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In an hour, I’ll be off to do my first PT session since the operation. It hasn’t been two weeks since Surgery either, which seems strange, because that time feels like it was forever ago. Yesterday at the Gym there was another 12k, some fatigue but more progress than I can remember for a while: press ups are doable with minimal pain, there could have been running but I simply chose not to. All the work before, efforts towards overall fitness have paid their own reward. Now, there are faint graspings that surgery may have done more than simply allow me to eat what I want. Working yesterday, I feel more balanced.

This is difficult to try and explain, but the whole of my body is more centred. This could be due to the umbilical hernia that was separating stomach muscles, or the amount of work this body generally had accommodated with an internal organ being damaged. Now I am fixed and without a major form of stress, everything just became easier. If this were simply a psychological change there would be no point to mentioning all of this, but looking at body in profile this morning, my core is stronger than can be remembered for quite some time.

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There was a weigh in before I was operated on, and as soon as this is written comes the walk down to the Gym to do the same, two weeks on. In the interests of full disclosure, here’s where we were:

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I’m fairly confident weight will be down, but by how much I couldn’t tell you. The bigger issue is how much muscle mass has been lost from about 10 days of no activity, and how that can now be restored without using weight lifting as its core. That’s in the hands of a PT who I think I’d probably trust now with my life. Her ability to cope with the last month has been beyond impressive, and there is no doubt that my rehabilitation will not only be painless but also an education.

In fact, I should stop typing now and get ready to leave.


Fact of the Day

I once presented a fan award to the creator and writer of Babylon 5, J. Michael Straczynski, who was very lovely about the whole thing and gave a very decent speech. That was also the same Convention I dressed as Emma Peel from the Avengers… ^^

Being Boiled

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It’s been eight days since the Operation. Let’s recap.

  • I woke up today feeling better than yesterday. This is now a three day trend, as is the increase in Active Minutes exercising since Sunday.

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  • This is the longest uninterrupted sleep since before the Op. It was achieved with no caffeine after 2pm and two Paracetamols before bed. This is now the plan going forward until my chest stops hurting. Right now, pain is about a 1, it went up to about a 3 when I walked to the Gym earlier.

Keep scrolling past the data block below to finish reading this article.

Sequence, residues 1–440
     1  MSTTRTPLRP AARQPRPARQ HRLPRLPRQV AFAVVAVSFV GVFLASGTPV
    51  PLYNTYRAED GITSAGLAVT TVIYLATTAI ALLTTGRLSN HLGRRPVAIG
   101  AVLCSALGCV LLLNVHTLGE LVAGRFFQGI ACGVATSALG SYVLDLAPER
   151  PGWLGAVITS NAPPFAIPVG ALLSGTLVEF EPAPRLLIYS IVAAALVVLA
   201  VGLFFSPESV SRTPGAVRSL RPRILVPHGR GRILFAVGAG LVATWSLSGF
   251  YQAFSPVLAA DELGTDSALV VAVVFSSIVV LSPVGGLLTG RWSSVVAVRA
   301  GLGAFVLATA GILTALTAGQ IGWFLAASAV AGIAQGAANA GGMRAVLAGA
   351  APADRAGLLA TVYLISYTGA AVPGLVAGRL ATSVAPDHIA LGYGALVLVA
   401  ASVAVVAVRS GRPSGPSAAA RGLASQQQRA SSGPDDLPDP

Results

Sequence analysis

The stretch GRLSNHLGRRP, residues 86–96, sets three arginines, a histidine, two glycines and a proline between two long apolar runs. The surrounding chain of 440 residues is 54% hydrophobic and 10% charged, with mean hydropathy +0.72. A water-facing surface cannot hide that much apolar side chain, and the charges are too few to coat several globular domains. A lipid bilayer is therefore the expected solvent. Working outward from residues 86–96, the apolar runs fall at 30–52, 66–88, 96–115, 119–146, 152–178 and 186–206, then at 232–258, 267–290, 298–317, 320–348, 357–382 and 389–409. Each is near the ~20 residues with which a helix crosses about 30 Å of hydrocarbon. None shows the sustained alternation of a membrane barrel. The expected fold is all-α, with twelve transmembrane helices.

• First Rehab Gym session is booked for 12.30 on Monday, because I’m not going to sit here and just wait to get better. I need to be doing stuff.
  • This assumes I’ll be given the okay by the Surgeon tomorrow that nothing is horribly bad and wrong and all these people telling me how I great I look are not lying.
  • Appointment with Surgeon at 7.45pm tomorrow, because that’s how he rolls.

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  • No, I’m not going to go mad, yes I KNOW I’m still healing, and I realise that if I go too fast I’ll fuck myself up long term. This will not happen. I can prioritise getting better and not overdoing anything. It’s okay. I also LOVE ALL YOU GUYS for looking out for me and taking the time to tell me you care. That’s totally lovely.
  • There’s a separate post at some point dealing with how I will never complain about constipation ever again. Let’s leave that for another time.

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There’s other stuff too, especially on the back of Manchester, the first passing of a Bond actor and writing fiction again. For now however, this will do.

Deliver Me

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This week’s turning out to be quite the significant landmark. At 8 am I arrived at the location for a well-known reality TV show to begin a two hour health MOT, conducted with a nurse and a doctor, which involved me sitting on a static bike with a breathing tube in my mouth, plus a selection of other exercises and tests. The plan was to see how much better my health has become in the five years since the last time this kind of thing was conducted. The results, quite frankly, blew my mind.

That number, believe me, is a revelation. It puts me in the top 10% of people in my age group for fitness. Everything has improved since my last visit, the only exception being a slightly elevated cholesterol rate, but it is hardly cause for concern. I apparently have a stupidly relaxed resting heart rate and an incredibly efficient system for converting fat to muscle (which I already knew, but is lovely to have confirmed.) My grip, which I thought was average at best is apparently beyond good and into amazing. Mostly, what the two hours this morning did was confirm that yes, it is possible to get healthy from a standing start. If you make the effort and put in the hours, it can change your entire body for the better.